R Language Code profiling Microbenchmark


Example

Microbenchmark is useful for estimating the time taking for otherwise fast procedures. For example, consider estimating the time taken to print hello world.

system.time(print("hello world"))

# [1] "hello world"
#    user  system elapsed 
#       0       0       0 

This is because system.time is essentially a wrapper function for proc.time, which measures in seconds. As printing "hello world" takes less than a second it appears that the time taken is less than a second, however this is not true. To see this we can use the package microbenchmark:

library(microbenchmark)
microbenchmark(print("hello world"))
 
# Unit: microseconds
#                 expr    min     lq     mean  median     uq     max neval
# print("hello world") 26.336 29.984 44.11637 44.6835 45.415 158.824   100

Here we can see after running print("hello world") 100 times, the average time taken was in fact 44 microseconds. (Note that running this code will print "hello world" 100 times onto the console.)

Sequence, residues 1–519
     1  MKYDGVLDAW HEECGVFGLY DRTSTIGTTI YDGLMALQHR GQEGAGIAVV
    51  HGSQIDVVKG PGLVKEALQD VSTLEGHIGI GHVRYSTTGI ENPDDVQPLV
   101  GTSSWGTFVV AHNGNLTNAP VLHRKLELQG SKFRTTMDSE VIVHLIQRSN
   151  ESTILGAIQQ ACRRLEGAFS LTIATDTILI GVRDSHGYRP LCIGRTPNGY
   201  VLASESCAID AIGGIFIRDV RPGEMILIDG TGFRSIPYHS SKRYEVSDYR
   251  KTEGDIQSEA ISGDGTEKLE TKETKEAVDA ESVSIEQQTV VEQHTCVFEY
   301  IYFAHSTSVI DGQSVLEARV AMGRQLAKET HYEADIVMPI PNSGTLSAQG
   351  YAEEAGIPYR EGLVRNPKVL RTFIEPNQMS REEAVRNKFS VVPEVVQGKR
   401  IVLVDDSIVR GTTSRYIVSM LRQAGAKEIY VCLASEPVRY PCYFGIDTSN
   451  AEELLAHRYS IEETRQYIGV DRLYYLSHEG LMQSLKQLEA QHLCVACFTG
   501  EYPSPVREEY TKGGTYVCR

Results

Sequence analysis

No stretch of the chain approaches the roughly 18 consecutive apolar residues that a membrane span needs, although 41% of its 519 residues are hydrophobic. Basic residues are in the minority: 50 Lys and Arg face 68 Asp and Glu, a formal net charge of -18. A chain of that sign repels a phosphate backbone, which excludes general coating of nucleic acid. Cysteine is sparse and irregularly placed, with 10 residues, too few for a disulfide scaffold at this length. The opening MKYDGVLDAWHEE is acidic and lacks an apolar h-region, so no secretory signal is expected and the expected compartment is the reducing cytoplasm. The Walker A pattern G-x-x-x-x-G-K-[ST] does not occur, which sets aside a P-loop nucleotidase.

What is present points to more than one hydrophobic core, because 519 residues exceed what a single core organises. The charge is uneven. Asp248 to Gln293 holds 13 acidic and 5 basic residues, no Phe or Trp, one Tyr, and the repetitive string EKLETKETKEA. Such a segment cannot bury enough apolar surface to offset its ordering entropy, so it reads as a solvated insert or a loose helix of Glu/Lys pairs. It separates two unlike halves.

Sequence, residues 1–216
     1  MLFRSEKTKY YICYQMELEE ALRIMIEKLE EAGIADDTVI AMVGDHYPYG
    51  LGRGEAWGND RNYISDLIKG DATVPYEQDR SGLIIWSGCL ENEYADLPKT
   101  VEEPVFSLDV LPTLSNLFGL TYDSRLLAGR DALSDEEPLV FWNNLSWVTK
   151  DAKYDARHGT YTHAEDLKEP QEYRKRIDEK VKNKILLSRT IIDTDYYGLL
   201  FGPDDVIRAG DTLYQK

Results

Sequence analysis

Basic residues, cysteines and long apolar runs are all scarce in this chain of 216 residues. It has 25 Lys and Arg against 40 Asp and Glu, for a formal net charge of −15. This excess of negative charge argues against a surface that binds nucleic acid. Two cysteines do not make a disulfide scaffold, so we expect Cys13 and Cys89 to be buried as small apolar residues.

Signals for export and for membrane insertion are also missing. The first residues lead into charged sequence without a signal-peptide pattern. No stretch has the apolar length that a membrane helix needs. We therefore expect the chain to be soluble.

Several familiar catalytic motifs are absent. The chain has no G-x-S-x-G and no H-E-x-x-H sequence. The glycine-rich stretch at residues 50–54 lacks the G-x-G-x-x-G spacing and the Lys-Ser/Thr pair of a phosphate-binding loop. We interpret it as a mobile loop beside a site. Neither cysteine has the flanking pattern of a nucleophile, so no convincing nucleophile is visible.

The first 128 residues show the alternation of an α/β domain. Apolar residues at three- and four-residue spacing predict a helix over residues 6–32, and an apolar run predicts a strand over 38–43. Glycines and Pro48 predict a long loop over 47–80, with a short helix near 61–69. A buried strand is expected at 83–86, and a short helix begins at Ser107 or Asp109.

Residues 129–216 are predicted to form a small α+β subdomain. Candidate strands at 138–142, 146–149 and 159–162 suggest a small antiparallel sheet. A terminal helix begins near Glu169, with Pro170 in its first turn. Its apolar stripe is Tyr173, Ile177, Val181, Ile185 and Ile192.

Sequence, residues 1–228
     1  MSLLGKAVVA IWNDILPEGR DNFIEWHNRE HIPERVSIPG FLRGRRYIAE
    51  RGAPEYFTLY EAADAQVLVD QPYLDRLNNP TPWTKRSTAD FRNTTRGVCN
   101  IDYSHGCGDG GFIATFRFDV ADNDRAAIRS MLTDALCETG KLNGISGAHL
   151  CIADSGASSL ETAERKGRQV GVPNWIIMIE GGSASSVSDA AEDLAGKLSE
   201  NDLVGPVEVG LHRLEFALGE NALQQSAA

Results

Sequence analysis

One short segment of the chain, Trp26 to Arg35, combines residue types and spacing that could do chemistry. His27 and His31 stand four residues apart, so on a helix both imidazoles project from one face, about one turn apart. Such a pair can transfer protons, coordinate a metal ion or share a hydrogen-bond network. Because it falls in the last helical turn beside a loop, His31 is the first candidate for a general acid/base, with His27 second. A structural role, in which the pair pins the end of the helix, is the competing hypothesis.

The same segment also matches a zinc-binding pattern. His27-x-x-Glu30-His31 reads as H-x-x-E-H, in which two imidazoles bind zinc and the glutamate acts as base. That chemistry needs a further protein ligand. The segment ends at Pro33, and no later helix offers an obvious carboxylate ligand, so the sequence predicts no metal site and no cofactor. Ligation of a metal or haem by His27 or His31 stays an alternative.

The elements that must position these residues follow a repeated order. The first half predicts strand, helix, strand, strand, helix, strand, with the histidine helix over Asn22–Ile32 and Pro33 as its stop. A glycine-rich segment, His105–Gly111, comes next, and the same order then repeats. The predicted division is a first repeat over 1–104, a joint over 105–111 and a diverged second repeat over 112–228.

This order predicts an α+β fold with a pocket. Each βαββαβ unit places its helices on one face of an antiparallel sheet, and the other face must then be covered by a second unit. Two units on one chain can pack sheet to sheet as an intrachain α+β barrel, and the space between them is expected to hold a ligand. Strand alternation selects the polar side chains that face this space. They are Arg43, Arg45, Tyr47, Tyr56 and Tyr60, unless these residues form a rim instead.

We can compare this against an equivalent procedure, cat("hello world\n"), to see if it is faster than print("hello world"):

microbenchmark(cat("hello world\n"))

# Unit: microseconds
#                  expr    min      lq     mean median     uq     max neval
# cat("hello world\\n") 14.093 17.6975 23.73829 19.319 20.996 119.382   100

In this case cat() is almost twice as fast as print().

Alternatively one can compare two procedures within the same microbenchmark call:

microbenchmark(print("hello world"), cat("hello world\n"))
# Unit: microseconds
# expr                    min     lq     mean  median     uq     max neval
# print("hello world") 29.122 31.654 39.64255 34.5275 38.852 192.779   100
# cat("hello world\\n")  9.381 12.356 13.83820 12.9930 13.715  52.564   100